Friday, March 13, 2009


In 2009, we have the misfortune of enduring the date three times: today, November 13 and last month's February 13.

Theories abound about how Friday the 13th came to be. Here are the main ideas:
One hinges on eating as a group of 13. Historians tie it to the Last Supper (13 men, a betrayal and a final Good Friday crucifixion) and Norse mythology (12 gods have dinner, a 13th crashes the party, one god dies and the entire Earth goes into mourning).
Another theory rests on the downfall of the Knights Templar (hundreds of religious knights executed in France on Friday, Oct. 13, 1307).
Perhaps these stories explain friggatriskaidekaphobiacs' fear of the No. 13. And someone along the way cared. Just look at the fact that many U.S. buildings are without a 13th floor. Many people are careful to avoid black cats--and some people seek them out to harm them, especially around Halloween.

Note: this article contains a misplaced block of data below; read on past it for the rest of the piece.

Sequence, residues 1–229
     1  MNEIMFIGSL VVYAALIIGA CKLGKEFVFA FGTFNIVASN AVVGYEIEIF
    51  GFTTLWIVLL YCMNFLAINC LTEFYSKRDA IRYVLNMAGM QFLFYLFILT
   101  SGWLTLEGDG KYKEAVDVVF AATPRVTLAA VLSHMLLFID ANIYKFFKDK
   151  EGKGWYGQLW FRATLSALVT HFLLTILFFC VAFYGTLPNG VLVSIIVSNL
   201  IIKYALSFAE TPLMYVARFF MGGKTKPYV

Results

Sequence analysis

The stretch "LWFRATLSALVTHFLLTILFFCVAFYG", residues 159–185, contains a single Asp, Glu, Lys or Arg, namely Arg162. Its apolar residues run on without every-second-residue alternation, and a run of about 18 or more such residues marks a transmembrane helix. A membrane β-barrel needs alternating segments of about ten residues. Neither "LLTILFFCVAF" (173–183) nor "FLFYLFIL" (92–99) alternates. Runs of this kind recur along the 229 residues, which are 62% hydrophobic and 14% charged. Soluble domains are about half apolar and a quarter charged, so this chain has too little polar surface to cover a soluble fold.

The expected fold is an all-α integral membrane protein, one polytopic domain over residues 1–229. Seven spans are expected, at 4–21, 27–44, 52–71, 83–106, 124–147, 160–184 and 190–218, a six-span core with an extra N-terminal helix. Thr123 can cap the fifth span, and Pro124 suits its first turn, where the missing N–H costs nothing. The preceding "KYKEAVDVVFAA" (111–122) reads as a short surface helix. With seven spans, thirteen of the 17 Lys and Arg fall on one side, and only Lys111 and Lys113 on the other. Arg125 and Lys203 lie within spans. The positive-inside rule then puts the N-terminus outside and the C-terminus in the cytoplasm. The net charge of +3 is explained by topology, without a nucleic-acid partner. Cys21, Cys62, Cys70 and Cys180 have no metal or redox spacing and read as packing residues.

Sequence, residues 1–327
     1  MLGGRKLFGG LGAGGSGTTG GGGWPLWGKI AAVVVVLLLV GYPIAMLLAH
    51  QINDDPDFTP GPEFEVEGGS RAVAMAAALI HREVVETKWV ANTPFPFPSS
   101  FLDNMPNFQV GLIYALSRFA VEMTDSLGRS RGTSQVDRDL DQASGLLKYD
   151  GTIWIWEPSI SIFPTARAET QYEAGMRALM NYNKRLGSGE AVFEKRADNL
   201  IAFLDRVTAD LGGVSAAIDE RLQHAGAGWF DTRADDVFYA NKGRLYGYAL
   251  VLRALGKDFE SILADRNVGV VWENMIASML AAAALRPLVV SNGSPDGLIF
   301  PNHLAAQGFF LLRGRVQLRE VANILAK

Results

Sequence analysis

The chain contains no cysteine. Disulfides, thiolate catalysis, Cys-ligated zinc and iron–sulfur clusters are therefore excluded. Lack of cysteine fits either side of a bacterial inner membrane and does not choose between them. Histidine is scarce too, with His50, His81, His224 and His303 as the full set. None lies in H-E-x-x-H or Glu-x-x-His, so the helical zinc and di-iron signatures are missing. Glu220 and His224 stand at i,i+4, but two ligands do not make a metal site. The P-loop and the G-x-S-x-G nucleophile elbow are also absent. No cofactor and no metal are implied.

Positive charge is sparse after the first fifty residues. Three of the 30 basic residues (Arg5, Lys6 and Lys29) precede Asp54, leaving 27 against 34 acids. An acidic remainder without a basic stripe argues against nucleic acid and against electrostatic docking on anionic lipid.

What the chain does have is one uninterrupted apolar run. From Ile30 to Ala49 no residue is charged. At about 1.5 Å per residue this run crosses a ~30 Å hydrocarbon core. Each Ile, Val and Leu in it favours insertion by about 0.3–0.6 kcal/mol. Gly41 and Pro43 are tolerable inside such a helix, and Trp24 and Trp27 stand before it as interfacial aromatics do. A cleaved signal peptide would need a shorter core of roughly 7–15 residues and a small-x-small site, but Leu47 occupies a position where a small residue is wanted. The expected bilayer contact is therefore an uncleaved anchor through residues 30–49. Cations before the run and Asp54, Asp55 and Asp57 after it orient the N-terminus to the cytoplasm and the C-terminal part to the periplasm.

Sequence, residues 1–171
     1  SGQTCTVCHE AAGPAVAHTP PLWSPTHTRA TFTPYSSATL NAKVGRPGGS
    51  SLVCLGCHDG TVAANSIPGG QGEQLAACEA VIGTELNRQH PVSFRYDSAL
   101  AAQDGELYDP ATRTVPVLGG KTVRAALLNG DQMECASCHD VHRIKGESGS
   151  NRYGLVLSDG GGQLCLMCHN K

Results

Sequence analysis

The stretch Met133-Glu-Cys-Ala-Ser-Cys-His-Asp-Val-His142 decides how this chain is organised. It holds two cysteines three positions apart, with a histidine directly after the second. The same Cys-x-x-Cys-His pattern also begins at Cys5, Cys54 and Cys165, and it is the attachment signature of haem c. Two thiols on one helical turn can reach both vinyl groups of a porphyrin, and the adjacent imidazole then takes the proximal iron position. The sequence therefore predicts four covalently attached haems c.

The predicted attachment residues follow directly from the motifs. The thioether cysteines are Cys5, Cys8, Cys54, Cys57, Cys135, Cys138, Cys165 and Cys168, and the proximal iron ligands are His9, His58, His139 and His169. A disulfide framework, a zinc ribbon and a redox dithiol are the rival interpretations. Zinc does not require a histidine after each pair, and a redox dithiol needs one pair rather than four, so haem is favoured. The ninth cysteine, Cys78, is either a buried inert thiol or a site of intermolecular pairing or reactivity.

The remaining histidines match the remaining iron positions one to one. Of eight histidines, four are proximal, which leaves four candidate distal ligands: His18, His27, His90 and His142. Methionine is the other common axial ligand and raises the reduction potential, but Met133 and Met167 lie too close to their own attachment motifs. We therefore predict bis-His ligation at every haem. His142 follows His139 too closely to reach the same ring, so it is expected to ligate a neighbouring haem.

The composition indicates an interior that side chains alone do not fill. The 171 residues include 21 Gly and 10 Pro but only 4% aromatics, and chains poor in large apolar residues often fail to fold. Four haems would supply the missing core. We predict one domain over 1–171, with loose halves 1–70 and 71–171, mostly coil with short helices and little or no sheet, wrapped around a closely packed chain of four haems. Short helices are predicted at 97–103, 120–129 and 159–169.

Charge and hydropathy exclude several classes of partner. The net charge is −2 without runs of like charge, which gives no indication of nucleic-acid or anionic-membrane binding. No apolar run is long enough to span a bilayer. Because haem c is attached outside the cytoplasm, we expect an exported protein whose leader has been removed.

Another explanation for society's fear about the No. 13 is simply the holiness of the No. 12. Live Search tells us that twelve's significance is everywhere, dating back to the B.C. era. You know Zeus and all those gods and goddesses of Olympus? You guessed it: They total 12.
Even in our day-to-day lives, 12 rules. We have 12 zodiac signs, 12 months in a year and 12 hours on a clock.
People follow old superstitions in their daily lives, not just on Friday the 13th. But what exactly is a superstition?: A set of irrational beliefs in the supernatural that are based in the fear of the unknown, born from ignorance or exist due to contrary proof.
Common superstitions:
I Pesonally don't really belive in the whole Friday the 13th superstitions, but as for the others I do say bless you after someone sneezes, but is not out of superstitions rather than good matters.

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